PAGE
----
Photo courtesy of Bullard
Photo 1 shows two images of the same scene. The fire has been knocked down, and firefighters are overhauling the ceiling. The image on the left shows how the scene appears normally on the TI display. Most of the image is white hot, making it difficult for firefighters to focus their efforts. The image on the right shows how the manual iris control (“Thermal Throttle”) changes the image, making the hottest areas more distinct and guiding the overhaul efforts of firefighters.
Overhaul is one of the most popular uses for a thermal imager (TI). Some fire departments are still learning the potential of TIs, and therefore may limit the use of the technology to overhaul. This series of thermal imaging training columns should have shown you that thermal imaging applications go well beyond overhaul, touching every aspect of firefighting. Leading fire departments are using TIs during every stage of fire suppression, including the overhaul phase.
The most important tip to remember during overhaul is that the TI displays scenes on a relative basis. This means that an object that is “hot” on the display (normally shown as white) is hot in comparison to the other items in the scene. This can make image interpretation confusing during overhaul, especially after knockdown and when firefighters are looking for hotspots. To make your TI more effective in overhaul, consider the following:
- Thermal imagers show temperature differences. After knockdown, if the entire scene is white and light gray on the display, spray some water to create temperature differences. This gives the TI other reference temperatures, and as a result enables it to generate more useful images.
- If your TI has a manual iris control (sometimes called a “Thermal Throttle”), learn how to use it. This control restricts the amount of heat reaching the TI detector. As a result, only the hottest items remain white on the display, and all others fade to gray.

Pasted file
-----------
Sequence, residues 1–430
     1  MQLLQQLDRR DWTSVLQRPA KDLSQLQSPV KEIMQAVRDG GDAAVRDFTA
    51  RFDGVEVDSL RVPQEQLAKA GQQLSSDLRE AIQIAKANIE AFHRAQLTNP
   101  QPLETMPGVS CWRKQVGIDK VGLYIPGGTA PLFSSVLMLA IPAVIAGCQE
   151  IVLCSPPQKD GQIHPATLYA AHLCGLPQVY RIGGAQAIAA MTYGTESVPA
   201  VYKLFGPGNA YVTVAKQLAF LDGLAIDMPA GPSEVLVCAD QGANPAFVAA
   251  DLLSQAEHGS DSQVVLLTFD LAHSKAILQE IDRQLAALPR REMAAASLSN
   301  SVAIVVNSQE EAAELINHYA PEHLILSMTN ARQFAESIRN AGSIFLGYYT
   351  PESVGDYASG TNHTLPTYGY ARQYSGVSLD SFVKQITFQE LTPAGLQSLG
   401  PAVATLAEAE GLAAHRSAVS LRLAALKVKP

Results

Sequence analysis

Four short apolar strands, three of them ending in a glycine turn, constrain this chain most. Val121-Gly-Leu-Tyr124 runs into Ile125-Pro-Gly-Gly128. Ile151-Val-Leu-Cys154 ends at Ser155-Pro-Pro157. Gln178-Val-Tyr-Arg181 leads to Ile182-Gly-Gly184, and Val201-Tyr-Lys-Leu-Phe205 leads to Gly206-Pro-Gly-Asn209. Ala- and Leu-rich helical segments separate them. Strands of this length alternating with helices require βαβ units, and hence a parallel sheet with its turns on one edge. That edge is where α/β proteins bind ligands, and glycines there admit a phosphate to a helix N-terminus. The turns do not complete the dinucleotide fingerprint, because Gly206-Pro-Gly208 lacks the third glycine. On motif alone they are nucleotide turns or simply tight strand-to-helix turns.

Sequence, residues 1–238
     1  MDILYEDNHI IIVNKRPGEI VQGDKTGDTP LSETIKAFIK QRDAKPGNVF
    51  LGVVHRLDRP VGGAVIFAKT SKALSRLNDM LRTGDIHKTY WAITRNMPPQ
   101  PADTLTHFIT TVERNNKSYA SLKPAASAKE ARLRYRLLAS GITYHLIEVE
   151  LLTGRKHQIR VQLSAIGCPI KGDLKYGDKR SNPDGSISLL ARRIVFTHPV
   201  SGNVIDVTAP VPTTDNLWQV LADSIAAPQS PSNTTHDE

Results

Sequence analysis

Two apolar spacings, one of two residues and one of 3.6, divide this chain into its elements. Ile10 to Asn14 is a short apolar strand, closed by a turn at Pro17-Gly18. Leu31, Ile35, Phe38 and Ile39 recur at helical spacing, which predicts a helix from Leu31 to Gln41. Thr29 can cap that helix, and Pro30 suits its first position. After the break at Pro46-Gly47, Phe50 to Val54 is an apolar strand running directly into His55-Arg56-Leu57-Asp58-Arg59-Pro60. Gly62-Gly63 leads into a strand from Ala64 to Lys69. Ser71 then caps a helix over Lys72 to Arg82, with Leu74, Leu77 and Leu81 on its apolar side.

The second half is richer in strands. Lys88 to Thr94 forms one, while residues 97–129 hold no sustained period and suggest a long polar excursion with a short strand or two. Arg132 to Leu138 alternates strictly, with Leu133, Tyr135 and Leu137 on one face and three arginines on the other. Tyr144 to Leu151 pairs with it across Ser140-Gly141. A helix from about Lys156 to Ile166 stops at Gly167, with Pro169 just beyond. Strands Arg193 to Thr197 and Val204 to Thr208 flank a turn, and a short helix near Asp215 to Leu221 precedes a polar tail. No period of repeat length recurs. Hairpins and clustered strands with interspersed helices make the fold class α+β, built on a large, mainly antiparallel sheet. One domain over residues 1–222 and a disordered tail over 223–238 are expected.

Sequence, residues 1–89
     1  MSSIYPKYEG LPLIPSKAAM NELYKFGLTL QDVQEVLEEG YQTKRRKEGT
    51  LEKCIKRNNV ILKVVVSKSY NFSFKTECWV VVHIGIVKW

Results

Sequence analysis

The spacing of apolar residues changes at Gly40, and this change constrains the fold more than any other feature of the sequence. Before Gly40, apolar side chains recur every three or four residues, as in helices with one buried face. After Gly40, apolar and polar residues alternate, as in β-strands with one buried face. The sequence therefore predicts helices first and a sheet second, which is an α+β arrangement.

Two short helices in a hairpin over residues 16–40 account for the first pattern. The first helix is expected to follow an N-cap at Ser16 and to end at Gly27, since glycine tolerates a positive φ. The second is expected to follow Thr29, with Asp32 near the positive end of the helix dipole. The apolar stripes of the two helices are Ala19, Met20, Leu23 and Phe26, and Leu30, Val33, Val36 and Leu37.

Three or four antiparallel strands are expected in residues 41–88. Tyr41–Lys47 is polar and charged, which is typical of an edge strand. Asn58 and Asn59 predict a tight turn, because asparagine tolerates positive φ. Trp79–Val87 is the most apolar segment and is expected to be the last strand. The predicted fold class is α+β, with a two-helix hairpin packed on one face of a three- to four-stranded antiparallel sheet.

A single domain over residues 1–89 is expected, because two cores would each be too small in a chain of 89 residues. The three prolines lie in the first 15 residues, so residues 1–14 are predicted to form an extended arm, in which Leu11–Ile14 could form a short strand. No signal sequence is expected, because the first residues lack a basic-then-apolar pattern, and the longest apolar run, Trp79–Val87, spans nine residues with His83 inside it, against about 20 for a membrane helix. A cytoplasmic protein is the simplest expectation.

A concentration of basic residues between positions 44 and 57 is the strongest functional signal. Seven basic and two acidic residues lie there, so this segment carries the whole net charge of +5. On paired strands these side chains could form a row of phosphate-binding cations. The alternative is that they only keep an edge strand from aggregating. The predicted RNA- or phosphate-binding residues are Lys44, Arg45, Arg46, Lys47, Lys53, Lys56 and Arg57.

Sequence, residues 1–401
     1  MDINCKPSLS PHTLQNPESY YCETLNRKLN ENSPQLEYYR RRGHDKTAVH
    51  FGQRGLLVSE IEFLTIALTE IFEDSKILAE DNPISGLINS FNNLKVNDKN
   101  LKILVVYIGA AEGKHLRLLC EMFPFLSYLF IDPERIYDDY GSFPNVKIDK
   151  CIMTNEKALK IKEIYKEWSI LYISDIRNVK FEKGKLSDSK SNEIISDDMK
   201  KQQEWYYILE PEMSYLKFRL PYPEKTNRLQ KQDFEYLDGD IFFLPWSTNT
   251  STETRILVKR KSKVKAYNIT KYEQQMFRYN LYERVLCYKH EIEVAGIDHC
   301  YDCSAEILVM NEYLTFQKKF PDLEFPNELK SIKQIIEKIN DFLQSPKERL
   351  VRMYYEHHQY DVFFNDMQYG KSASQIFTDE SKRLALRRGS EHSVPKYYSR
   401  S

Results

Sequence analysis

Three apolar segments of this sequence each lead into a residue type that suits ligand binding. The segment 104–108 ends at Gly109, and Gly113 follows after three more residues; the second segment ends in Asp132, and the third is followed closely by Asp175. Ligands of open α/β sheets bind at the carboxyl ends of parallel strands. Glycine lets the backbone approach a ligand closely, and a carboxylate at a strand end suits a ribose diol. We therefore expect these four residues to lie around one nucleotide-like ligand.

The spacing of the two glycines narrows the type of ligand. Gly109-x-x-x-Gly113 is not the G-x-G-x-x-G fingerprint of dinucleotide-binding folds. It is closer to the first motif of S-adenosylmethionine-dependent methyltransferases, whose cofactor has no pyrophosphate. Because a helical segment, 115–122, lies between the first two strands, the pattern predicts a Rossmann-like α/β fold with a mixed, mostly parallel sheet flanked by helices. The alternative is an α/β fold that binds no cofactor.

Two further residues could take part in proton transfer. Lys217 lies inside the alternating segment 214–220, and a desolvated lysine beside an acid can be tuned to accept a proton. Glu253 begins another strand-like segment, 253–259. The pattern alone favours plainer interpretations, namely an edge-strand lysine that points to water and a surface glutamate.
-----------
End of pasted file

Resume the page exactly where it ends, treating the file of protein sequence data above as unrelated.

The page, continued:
- If your TI has a temperature indicator, ensure you understand its uses and limitations. By comparing the temperatures of various surfaces, you may be able to identify sections of wall that deserve additional attention during overhaul.
- Microbolometer TIs frequently have an “EI Mode,” which indicates that the detector has changed sensitivity levels. Most detectors change sensitivity levels when something that is 300ºF or hotter is in the image. Even TI models without an EI indicator on the display screen will have a momentary freeze of the image (when the shutter “fires”) and change sensitivities. Look for the shutter as a potential indicator that a significant hotspot remains in the scene.
- A “hotspot” does not always mean “open up.” Thermal imagers are very sensitive. An area may be relatively hot, but not absolutely hot. That means it could show as white on the display, even though the area is not a hotspot that deserves further examination by firefighters.
- When in doubt, use traditional techniques to determine if a hotspot really needs to be opened up. Feel the area for heat by using your hand. Or, use the TI and compare it to something with a known temperature. Perhaps the easiest comparison point is a partner’s hand. If the spot in question is roughly the same color as the hand, then it is probably not a hotspot that needs attention during overhaul.
Practice Makes Perfect
Photo courtesy of Bullard